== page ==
Psychosocial Factors Influencing Individual Well-Being in Chinese Adolescents in Hong Kong: a Six-Year Longitudinal Study

Tan Lei Shek, Lu Yin Liang

Research output: Journal article publicationJournal articleAcademic researchpeer-review

80 Citations (Scopus)


The concurrent and longitudinal influence of different socio-demographic characteristics (i.e., age, gender, economic disadvantage, and family intactness), individual qualities (i.e., resilience, social competence, positive identity, and spirituality), and familial characteristics (i.e., family functioning, and parent-child relationship) on these two aspects of SWB were examined. A total of 3328 Hong Kong students from 28 secondary schools participated in a 6-year longitudinal study. While adolescent life satisfaction showed a declining trend, hopelessness gradually increased across the six years. Resilience, social competence, family functioning, and father-child relational qualities were significant predictors of life satisfaction at the initial status, whereas gender, mother-child relational qualities, positive identity and spirituality predicted changes in life satisfaction over time. Regarding hopelessness, gender, family intactness, resilience, social competence, father-child relational qualities, and mother-child relational qualities were significant correlates at the initial slope, but spirituality and family functioning were the longitudinal predictors of hopelessness over the adolescence period. While the present study showed that some existing Western findings can be replicated in the Chinese context, there are some novel and puzzling observations deserving further scrutiny.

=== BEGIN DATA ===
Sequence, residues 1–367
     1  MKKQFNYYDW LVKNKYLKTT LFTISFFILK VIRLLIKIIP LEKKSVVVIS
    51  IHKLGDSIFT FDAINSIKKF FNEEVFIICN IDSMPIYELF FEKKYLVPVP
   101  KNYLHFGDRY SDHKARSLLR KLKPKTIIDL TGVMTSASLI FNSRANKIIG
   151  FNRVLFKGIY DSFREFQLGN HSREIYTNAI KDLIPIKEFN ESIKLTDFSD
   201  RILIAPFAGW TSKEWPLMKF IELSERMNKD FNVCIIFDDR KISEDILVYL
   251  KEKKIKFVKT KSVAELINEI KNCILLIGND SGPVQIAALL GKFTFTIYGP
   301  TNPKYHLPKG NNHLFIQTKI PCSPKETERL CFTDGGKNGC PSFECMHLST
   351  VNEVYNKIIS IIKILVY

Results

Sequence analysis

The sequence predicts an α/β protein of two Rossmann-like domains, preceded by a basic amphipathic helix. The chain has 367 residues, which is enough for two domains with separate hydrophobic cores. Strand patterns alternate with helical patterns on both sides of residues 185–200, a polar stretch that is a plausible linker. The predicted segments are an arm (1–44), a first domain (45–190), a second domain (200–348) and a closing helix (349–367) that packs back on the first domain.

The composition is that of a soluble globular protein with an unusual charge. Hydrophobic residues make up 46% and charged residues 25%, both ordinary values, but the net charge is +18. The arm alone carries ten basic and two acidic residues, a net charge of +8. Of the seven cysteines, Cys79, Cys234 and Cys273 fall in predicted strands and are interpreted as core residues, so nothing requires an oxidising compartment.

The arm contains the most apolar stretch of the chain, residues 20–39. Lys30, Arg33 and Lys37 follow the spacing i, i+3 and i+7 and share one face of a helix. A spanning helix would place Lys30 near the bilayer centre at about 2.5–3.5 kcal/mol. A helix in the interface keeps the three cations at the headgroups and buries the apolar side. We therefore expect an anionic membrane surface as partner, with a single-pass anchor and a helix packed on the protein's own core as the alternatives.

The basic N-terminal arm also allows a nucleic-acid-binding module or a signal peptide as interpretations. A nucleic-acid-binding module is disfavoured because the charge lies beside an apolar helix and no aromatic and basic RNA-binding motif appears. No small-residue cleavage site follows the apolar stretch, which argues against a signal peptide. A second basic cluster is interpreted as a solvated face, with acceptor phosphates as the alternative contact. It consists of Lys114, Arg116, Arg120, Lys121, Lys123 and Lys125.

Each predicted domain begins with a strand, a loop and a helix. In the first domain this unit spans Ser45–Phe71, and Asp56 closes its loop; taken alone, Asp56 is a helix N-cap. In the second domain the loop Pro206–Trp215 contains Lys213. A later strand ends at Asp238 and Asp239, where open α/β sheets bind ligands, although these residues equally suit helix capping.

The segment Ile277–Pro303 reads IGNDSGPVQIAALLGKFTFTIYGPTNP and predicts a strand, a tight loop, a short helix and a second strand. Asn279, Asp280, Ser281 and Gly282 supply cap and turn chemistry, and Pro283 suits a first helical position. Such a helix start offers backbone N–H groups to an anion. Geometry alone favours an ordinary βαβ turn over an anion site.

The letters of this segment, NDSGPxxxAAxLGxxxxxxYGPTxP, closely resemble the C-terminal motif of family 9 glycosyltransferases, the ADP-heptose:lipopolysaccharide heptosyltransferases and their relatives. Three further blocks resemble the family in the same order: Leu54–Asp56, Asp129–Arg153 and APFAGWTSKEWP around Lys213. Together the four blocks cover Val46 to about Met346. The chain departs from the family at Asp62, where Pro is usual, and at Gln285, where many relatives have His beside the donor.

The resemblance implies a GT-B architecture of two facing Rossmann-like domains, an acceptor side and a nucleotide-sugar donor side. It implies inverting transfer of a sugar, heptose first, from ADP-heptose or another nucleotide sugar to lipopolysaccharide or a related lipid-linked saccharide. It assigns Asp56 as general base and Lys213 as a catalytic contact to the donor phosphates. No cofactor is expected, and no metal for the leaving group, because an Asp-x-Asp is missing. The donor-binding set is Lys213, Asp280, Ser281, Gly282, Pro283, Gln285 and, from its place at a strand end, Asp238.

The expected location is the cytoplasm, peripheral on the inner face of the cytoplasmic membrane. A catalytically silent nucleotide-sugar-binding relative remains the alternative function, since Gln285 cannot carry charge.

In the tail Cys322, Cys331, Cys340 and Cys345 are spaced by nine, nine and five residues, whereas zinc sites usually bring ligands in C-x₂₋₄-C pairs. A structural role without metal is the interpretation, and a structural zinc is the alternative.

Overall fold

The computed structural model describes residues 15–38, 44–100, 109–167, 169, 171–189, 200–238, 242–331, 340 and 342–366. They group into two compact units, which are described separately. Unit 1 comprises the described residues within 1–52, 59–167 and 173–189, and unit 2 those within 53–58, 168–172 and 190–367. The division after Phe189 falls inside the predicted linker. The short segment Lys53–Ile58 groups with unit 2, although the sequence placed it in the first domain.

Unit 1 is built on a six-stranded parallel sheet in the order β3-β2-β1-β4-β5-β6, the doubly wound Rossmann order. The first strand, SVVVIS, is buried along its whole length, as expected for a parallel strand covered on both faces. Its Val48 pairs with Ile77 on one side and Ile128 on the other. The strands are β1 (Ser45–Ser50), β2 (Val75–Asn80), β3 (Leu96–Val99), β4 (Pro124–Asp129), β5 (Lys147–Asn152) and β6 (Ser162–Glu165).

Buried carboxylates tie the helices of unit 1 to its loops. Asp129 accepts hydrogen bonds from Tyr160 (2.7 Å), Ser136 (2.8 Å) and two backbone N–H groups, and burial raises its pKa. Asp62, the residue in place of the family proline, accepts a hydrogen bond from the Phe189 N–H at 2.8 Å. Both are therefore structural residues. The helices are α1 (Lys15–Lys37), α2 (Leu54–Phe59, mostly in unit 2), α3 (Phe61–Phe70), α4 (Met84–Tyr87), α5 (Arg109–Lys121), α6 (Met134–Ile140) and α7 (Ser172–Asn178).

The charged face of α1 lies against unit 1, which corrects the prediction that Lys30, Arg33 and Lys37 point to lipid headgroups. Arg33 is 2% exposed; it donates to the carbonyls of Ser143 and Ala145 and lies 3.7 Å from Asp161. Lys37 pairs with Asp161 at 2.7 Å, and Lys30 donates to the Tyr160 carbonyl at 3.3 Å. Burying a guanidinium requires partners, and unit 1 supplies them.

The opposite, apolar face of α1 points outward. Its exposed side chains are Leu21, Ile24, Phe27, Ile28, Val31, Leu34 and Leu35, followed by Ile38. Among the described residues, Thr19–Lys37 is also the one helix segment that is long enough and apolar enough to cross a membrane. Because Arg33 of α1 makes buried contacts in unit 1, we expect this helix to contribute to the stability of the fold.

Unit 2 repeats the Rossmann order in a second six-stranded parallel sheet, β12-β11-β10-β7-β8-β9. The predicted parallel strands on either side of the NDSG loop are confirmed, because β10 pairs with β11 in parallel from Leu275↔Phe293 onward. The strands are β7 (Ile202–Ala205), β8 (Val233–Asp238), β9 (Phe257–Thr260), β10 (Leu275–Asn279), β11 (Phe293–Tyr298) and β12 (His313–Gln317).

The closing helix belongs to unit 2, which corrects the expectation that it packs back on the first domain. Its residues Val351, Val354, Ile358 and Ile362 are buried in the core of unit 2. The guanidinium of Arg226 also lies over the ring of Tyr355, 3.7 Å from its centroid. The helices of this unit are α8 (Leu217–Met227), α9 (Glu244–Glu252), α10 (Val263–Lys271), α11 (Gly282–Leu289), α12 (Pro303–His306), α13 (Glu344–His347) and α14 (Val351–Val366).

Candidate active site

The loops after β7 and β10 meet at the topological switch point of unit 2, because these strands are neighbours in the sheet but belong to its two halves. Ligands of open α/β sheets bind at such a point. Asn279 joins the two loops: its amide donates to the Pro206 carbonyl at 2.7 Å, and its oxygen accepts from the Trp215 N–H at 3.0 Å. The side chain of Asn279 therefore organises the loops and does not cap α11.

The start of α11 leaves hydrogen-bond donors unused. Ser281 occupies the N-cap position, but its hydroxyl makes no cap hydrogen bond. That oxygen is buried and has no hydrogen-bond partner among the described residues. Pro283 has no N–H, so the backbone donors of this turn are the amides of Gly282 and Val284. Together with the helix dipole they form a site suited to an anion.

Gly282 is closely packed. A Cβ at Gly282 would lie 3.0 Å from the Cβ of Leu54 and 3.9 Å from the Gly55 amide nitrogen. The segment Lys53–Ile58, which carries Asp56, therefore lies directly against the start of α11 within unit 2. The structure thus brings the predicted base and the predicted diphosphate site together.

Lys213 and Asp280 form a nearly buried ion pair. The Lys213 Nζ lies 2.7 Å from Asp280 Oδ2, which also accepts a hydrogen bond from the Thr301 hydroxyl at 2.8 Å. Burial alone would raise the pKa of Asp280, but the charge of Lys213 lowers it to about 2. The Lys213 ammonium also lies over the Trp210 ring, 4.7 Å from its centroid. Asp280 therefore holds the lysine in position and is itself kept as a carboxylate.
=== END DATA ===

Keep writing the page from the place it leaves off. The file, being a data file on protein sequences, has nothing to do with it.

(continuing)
Original languageEnglish
Pages (from-to)561-584
Number of pages24
JournalApplied Research in Quality of Life
Issue number3
Publication statusAccepted/In press - 23 Jun 2017


  • Adolescent
  • Hopelessness
  • Life satisfaction
  • Subjective well-being

ASJC Scopus subject areas

  • Life-span and Life-course Studies


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